Dog Weight-Bearing Evaluation: Using Pressure Pads to Evaluate Lameness in Dogs—My Observations

An accurate evaluation of weight-bearing in your dog is nowhere as easy as you’d think.

Up to 25% of reduction in weight-bearing on any particular limb cannot be observed. The only way to catch such subtle issues is by monitoring leg circumference. That, however, doesn’t work as well when the problem is bilateral.

Stance analysis using pressure pads

While on our travels, we were able to continue Cookie’s physical therapy at a local clinic. I was very happy about that because we ended up being gone for a month which would otherwise mean Cookie missing out on therapy for all that time.

As part of its services, the clinic offers stance analysis using pressure pads.

Dog Weight-Bearing Evaluation: Using Pressure Pads to Evaluate Lameness in Dogs—My Observations
This is the one the clinic has.

It can be a tool to evaluate how much pressure is a dog putting on each of the limbs, helping to pinpoint lameness and favoring which could otherwise be invisible to plain observation. But, it depends.

How useful are they?

Pressure pads offer high-tech evaluation. I was quite excited about what we’re going to learn from that. Force plates, dog gait analysis mats, and pressure pads are a few products out there available for this purpose.

As great as it sounds on paper, seeing it in action didn’t look all that pretty.

Our experience with pressure pads

Initially, the pad was against the wall in such a way that Cookie had to walk on it, then turn around and stand on it facing away from the wall with each leg precisely in the right section of the pad.

She got on there and turned around but couldn’t possibly understand where exactly each foot should land and why. The end result of that was that the tech was manually moving her legs in an attempt to place them in the correct positions on the mat. Cookie allowed her legs being moved around but was pretty confused by all that not knowing which leg to stand on. The positions she ended up at looked nothing like a normal, or even abnormal dog stance.

Think playing Twister.

I then suggested turning the pad around so Cookie could walk on it normally, rather than having to turn around. This worked better but she still didn’t understand that she has to get and stop right in the center. So yet again, her legs ended up being moved up to the right places with her stance ending up looking everything but natural.

How reliable are the results?

I honestly don’t know. We did this several times and the machine then averages the values. That probably helps to get some more comprehensible information. But still …

Both evaluations showed what we expected, more pressure being put on the front than the back end and more pressure being put on the right than on the left side. However, from what I saw, Cookie always ended up walking onto the right-hand-side sections and it was the left legs that were being moved into position.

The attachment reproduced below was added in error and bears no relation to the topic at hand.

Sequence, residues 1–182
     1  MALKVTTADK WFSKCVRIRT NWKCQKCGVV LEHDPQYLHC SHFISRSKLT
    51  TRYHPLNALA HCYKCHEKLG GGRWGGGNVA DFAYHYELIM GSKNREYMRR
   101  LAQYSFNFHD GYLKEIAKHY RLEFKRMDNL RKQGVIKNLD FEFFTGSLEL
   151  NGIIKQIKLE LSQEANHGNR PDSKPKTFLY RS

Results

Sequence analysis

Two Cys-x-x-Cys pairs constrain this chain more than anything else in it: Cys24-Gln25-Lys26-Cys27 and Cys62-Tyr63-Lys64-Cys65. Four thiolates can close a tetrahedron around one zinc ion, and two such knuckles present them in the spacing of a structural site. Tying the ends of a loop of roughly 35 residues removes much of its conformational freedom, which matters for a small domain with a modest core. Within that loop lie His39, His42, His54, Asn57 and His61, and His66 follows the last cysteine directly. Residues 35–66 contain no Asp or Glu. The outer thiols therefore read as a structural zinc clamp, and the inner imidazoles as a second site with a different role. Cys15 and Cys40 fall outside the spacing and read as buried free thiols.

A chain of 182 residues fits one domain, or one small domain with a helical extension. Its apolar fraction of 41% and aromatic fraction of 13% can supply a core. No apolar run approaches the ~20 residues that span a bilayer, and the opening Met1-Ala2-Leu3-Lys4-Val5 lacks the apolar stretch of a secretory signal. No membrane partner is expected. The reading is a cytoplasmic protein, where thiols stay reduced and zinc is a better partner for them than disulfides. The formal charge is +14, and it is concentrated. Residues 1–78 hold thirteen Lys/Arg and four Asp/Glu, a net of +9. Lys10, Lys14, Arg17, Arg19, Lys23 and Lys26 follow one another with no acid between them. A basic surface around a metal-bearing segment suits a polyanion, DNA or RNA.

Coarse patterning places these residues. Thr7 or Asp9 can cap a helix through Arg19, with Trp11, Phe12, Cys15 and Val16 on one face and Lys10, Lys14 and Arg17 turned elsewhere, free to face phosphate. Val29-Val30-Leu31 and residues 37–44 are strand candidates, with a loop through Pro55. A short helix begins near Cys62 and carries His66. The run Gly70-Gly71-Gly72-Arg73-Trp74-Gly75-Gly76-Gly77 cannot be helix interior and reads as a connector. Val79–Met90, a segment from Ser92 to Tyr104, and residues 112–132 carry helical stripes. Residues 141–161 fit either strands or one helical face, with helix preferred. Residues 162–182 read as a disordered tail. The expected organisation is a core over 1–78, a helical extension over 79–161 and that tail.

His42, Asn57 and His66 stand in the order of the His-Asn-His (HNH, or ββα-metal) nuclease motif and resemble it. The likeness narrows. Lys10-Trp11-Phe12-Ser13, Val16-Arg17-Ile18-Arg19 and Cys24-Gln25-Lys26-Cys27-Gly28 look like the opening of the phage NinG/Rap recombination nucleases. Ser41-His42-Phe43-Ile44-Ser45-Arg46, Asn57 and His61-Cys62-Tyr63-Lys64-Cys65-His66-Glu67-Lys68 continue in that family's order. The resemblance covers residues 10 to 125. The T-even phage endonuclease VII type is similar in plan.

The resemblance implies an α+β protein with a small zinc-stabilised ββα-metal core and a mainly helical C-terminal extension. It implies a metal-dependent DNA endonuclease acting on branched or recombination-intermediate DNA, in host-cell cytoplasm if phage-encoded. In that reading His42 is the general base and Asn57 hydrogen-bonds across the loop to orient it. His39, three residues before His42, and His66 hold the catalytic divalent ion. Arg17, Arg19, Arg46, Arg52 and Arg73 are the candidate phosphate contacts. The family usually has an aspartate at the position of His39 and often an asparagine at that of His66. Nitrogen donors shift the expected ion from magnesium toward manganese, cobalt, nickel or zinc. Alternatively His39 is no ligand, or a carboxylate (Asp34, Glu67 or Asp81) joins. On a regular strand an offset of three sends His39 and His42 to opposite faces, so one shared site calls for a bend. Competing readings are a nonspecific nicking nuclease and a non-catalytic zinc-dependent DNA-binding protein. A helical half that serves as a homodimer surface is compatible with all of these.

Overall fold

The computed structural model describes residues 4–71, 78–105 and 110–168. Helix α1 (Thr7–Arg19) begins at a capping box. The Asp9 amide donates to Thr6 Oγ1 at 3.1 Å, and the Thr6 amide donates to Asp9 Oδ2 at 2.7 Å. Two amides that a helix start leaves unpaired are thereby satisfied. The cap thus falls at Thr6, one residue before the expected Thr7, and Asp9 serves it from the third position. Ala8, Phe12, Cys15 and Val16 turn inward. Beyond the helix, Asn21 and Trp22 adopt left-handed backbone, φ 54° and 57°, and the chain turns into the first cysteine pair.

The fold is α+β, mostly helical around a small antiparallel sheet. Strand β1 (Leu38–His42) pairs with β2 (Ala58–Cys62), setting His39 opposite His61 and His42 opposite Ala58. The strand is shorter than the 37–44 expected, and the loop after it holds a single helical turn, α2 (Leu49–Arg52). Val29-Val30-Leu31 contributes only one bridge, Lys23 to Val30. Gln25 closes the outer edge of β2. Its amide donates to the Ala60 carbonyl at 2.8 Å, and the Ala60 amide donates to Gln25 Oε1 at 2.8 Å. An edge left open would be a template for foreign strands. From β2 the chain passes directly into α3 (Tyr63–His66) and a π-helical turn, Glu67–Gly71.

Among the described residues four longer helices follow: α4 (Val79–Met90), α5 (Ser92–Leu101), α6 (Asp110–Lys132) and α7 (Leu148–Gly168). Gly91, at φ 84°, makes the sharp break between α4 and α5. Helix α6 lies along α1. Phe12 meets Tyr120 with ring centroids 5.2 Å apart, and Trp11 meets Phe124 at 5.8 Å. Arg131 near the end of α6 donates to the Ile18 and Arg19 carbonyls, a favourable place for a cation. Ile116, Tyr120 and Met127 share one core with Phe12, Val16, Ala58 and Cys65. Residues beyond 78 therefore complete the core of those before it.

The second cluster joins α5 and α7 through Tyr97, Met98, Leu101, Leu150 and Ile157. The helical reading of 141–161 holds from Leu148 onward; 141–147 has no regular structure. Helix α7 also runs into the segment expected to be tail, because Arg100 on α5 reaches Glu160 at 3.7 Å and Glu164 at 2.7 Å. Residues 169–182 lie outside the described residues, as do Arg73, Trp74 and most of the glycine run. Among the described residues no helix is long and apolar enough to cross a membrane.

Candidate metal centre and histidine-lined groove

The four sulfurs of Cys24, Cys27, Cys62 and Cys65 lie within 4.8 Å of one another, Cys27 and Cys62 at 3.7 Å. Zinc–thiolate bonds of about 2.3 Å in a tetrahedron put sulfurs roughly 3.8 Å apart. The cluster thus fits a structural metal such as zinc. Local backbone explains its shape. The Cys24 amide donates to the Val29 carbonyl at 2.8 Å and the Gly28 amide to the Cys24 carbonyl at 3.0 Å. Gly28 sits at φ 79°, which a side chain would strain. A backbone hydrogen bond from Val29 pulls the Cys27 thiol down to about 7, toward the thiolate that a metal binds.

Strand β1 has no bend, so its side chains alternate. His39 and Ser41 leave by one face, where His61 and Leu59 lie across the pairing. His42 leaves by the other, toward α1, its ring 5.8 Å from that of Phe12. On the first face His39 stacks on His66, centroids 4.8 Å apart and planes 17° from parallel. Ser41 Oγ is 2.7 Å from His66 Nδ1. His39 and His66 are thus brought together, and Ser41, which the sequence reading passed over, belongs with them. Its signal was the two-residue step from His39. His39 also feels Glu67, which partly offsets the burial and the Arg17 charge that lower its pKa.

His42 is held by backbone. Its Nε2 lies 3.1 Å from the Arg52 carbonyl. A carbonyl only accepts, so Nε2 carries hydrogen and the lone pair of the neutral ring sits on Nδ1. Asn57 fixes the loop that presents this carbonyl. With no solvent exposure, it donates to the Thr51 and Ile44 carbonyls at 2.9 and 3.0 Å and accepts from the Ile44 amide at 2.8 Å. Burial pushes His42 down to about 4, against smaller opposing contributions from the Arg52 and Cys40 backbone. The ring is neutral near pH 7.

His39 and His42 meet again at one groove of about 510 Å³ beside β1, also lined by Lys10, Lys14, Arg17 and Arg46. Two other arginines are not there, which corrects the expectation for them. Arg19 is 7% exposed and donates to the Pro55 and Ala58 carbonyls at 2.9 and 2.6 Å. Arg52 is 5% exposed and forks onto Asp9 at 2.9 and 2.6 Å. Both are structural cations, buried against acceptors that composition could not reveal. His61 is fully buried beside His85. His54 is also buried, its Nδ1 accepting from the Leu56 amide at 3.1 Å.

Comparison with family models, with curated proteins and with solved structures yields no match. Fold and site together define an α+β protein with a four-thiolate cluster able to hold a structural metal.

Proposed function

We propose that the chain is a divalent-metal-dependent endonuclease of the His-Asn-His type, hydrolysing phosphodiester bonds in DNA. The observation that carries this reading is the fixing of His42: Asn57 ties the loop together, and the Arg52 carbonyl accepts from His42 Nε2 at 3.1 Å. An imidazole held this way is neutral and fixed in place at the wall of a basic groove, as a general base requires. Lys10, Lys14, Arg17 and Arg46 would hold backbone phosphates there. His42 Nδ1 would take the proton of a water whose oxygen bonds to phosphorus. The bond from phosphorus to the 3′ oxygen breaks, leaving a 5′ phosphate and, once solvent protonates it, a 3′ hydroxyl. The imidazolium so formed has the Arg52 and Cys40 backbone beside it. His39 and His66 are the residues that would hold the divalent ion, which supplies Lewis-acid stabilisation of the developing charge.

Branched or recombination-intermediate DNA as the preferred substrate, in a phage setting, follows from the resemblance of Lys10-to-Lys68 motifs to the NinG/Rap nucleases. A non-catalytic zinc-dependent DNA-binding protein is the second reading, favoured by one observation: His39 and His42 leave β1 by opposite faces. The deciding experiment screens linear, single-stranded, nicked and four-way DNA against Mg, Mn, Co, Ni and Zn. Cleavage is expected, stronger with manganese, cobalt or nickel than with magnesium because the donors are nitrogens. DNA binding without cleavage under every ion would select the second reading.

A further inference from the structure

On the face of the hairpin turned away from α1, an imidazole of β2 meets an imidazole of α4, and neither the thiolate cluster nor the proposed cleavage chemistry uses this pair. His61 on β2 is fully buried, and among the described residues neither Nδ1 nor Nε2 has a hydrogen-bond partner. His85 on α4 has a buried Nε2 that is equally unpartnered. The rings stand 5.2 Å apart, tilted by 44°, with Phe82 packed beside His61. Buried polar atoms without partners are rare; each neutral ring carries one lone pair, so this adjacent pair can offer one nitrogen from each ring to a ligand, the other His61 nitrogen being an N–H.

While the results seemed to confirm what was suspected, were they really?

Or was it just a function of the part of the mat Cookie was consistently ending up on? Perhaps a bit of both.

I actually think that having the dog walk onto it from one end to the other, rather than having to turn around was the right idea. But getting them dead center is still a challenge.

Maybe the idea needs improvements

I wonder if creating some kind of a “walk through” which would keep the dog in the center would help improve accuracy.

Similarly to what one does what teaching a dog backing up in a straight line.

It would need to be light and adjustable depending on the size of the dog and it would have to not interfere with the pad itself. Perhaps something such as the cavaletti cones except the poles would need to be longer. Or just something a self-standing pole on each end with some fabric or light construction fencing between.

Having seen how contorted Cookie always ended up makes me wonder how reliable the data we gained really are.

Having said that, the vet was very happy with the way Cookie looked overall.

She was so impressed with how Cookie’s legs were working that she’s looking into platelet-rich plasma therapy. While I’m seeing some issues with Cookie’s gait under certain circumstance, she walks and trots very well using both hind legs equally. Possibly, according to the vet as well as Cookie’s physical therapist, the degree of favoring the hind left leg during certain movement might have to do more with Cookie not really trusting the leg rather than the leg not functioning properly. I certainly hope so.

Meanwhile, we’ll continue working at it as see where it takes us.

Do you have any experience with such stance analysis done for your dog? How did it work for you?

Related articles:
Cookie’s PRP Treatment for Partial Cruciate (CCL/ACL) Tear and Leg Circumference

Further reading:
Canine Gait Analysis

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